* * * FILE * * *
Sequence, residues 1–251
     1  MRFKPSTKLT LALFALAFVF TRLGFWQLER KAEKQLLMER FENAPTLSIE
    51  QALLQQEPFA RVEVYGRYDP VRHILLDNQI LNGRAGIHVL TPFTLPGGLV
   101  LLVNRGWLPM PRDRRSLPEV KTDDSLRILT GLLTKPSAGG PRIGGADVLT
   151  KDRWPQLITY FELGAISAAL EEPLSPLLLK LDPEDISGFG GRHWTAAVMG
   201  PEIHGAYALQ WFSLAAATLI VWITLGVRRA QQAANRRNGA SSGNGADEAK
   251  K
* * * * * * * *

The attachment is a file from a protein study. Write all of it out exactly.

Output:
Sequence, residues 1–251
     1  MRFKPSTKLT LALFALAFVF TRLGFWQLER KAEKQLLMER FENAPTLSIE
    51  QALLQQEPFA RVEVYGRYDP VRHILLDNQI LNGRAGIHVL TPFTLPGGLV
   101  LLVNRGWLPM PRDRRSLPEV KTDDSLRILT GLLTKPSAGG PRIGGADVLT
   151  KDRWPQLITY FELGAISAAL EEPLSPLLLK LDPEDISGFG GRHWTAAVMG
   201  PEIHGAYALQ WFSLAAATLI VWITLGVRRA QQAANRRNGA SSGNGADEAK
   251  K